Can Diet Adherence Help Cut Depression Risk in Adults?

The DASH diet emphasizes fruits, vegetables, and low-fat dairy
The DASH diet emphasizes fruits, vegetables, and low-fat dairy

The likelihood of becoming depressed may be significantly lowered by adhering to the Dietary Approaches to Stop Hypertension (DASH) diet, according to a study that followed 964 individuals for an average of 6½ years.

The DASH diet emphasizes fruits, vegetables, and fat-free/low-fat dairy foods and limits foods high in saturated fats and sugar. The diet was developed with funding from the U.S. National Institutes of Health to help lower blood pressure.

The study participants (average age 81 years) were evaluated yearly for symptoms of depression and they filled out questionnaires about how often they ate various foods. This allowed the researchers to compile data of who followed the DASH, Mediterranean, or traditional Western diet more closely. They then divided the participants into 3 groups depending on how closely they adhered to the diets.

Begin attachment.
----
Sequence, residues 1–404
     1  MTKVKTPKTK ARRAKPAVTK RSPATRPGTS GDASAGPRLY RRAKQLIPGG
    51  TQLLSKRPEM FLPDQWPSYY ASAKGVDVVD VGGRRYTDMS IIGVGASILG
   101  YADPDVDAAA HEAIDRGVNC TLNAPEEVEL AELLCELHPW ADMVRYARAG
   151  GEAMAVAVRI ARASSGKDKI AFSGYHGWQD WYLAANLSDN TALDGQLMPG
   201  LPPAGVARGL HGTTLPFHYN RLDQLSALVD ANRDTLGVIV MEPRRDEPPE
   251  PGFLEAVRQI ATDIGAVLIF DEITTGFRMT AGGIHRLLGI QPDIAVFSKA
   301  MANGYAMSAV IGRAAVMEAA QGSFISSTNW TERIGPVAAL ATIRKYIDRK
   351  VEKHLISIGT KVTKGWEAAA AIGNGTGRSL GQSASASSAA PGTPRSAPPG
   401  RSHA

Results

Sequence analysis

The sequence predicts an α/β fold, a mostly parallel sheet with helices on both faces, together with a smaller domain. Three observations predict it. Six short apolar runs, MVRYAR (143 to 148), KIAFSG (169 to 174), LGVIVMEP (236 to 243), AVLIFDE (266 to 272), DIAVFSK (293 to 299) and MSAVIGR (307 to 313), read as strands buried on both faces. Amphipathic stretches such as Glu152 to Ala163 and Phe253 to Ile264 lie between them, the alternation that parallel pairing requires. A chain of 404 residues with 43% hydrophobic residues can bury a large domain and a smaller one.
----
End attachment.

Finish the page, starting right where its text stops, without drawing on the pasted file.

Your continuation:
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The data showed that participants who fell into the top group for DASH diet adherence had an 11% lower rate of becoming depressed vs those in the lowest group of DASH diet adherence. The reverse was seen among those who closely followed the Western diet, with these participants having a higher likelihood of developing depression. 

"Making a lifestyle change such as changing your diet is often preferred over taking medications," said lead author Laurel Cherian, MD, of Rush University Medical Center. "Future studies are now needed to confirm these results and to determine the best nutritional components of the DASH diet to prevent depression later in life." 

The authors stressed how the results do not prove the DASH diet leads to a reduced depression risk, but rather an association. An earlier analysis of the same study found an association between the Mediterranean-DASH diet and a slower rate of cognitive decline in stroke survivors.

The full findings of the study will be presented at the American Academy of Neurology's annual meeting in April. 

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